‘El Chapo’ trial begins under unprecedented security measures

'El Chapo' trial begins under unprecedented security measures
Mexican drug lord, El Chapo during an arrest. PHOTO: File

While a US prosecutor painted for a jury the picture of Joaquin “El Chapo” Guzman Loera as the leader of a powerful and murderous drug cartel, his defense lawyer countered that Guzman was a “leader of nothing,” a myth, not a feared boss.

In opening statements before jurors in federal district court in New York, Assistant US Attorney Adam Fels described Guzman as a man who went from small-town dealer to kingpin capable of turning $10 million cocaine deals.

Fels alleged that Guzman had an army of hundreds of men with assault rifles in Mexico and he himself had a monogrammed diamond encrusted handgun and a gold-plated rifle.

“Guzman himself pulled the trigger and ordered the disposal of bodies,” Fels said.

Defense attorney Jeffrey Lichtman said Guzman spent significant time in Mexican prisons, during which time the flow of drugs into the United States never slowed down.

“Yet, he’s blamed for being the leader. The truth is, he was the leader of nothing,” Lichtman said.

Guzman’s escapes from Mexican prisons furthered the myth of him has a dangerous cartel boss, his lawyer said.

“A conviction of Guzman is the biggest prize the prosecution could have dreamed of,” he told the jurors. “They claim he is the biggest drug dealer in the world. It’s false.”

Before opening statements Tuesday, a juror — in a letter to the judge that was read aloud in court — asked to be dismissed from the case because she has suffered from anxiety since jury selection. The prosecution and defense agreed to excuse the juror.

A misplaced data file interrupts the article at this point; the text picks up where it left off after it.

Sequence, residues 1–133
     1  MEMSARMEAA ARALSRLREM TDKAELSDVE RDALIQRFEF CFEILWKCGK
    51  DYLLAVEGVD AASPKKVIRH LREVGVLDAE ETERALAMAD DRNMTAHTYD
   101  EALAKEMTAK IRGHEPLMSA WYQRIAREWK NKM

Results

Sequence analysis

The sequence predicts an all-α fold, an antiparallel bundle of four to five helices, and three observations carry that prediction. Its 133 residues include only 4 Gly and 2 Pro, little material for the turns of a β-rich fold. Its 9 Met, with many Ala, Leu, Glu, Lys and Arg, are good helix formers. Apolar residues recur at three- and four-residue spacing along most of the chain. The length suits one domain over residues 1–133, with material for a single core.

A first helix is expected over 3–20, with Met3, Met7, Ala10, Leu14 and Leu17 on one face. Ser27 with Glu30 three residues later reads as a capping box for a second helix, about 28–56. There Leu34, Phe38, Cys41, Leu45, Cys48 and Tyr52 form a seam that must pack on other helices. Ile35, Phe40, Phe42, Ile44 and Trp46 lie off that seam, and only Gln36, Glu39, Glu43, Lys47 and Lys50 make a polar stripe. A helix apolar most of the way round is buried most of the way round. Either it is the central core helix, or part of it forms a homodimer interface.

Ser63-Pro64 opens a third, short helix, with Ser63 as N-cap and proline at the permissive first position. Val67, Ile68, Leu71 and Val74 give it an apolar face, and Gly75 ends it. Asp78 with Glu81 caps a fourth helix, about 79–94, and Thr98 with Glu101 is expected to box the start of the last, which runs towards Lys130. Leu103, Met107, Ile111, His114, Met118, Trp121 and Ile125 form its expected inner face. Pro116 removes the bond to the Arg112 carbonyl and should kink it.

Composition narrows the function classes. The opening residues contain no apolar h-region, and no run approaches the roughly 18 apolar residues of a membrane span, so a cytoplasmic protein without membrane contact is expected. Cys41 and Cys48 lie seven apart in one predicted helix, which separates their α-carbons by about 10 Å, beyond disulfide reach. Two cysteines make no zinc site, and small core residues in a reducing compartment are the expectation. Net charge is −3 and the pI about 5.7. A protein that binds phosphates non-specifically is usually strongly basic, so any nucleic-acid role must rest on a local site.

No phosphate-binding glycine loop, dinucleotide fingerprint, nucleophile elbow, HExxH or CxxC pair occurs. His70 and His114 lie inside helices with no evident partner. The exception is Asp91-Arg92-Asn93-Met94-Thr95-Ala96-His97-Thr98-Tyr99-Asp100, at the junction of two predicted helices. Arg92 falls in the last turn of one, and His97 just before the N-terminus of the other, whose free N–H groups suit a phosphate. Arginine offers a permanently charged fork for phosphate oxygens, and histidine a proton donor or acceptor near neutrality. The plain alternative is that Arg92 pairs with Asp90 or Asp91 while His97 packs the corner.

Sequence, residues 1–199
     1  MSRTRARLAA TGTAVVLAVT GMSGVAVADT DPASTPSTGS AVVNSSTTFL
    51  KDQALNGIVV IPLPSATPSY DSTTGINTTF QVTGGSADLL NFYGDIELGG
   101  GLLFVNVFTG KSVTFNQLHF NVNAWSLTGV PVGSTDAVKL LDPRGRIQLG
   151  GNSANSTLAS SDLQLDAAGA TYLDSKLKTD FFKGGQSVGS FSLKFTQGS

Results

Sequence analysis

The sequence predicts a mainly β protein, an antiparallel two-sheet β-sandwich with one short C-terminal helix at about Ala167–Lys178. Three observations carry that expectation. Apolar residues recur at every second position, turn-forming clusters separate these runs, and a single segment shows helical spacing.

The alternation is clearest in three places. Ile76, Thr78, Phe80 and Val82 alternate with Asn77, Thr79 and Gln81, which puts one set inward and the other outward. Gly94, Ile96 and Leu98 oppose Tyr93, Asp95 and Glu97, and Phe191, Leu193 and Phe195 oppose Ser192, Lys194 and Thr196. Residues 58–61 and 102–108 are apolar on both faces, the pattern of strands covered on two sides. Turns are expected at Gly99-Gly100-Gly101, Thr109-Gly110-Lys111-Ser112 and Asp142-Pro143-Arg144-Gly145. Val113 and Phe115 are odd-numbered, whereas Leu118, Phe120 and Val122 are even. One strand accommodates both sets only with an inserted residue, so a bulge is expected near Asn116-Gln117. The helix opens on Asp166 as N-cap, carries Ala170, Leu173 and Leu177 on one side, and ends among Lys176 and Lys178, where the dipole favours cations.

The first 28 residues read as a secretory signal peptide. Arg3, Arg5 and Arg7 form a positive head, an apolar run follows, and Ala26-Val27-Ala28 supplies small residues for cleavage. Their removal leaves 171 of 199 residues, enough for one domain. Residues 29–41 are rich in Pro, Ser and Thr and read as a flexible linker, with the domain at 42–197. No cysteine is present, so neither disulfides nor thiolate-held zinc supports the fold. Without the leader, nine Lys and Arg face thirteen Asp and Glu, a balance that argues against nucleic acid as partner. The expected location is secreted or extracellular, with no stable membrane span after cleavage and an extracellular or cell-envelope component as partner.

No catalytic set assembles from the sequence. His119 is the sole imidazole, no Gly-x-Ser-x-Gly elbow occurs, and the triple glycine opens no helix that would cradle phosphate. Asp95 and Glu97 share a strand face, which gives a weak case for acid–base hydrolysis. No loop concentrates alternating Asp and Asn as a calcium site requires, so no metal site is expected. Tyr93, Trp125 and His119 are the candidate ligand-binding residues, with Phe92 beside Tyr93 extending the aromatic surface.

The defense was unable to finish its statement and will pick it up Wednesday morning.

Unprecedented security
The court proceedings — the most significant criminal trial in decades — come nearly two years after Guzman’s extradition from Mexico.

The man once considered the world’s biggest drug trafficker is accused of heading a criminal enterprise that spanned continents and triggered waves of bloodshed throughout his native Mexico.

His long-awaited trial, which could last four months, began under unprecedented security measures, including armed escorts for the anonymous and partly sequestered jurors.

Heavily armed federal marshals and officers with bomb-sniffing dogs stood guard outside the courthouse. Metal detectors greeted visitors at the entrance to the courtroom.

The Brooklyn Bridge shut downs each time a police motorcade — including an ambulance and a SWAT team — shuttled Guzman to and from the Manhattan federal lockup.

“El Chapo, despite his defense that he was just a minor player, was reputed to be the innovative spirit behind the Sinaloa cartel,” said Bruce Bagley, an expert on Mexico’s drug cartels at the University of Miami. “He is, in many ways, a survivor.”

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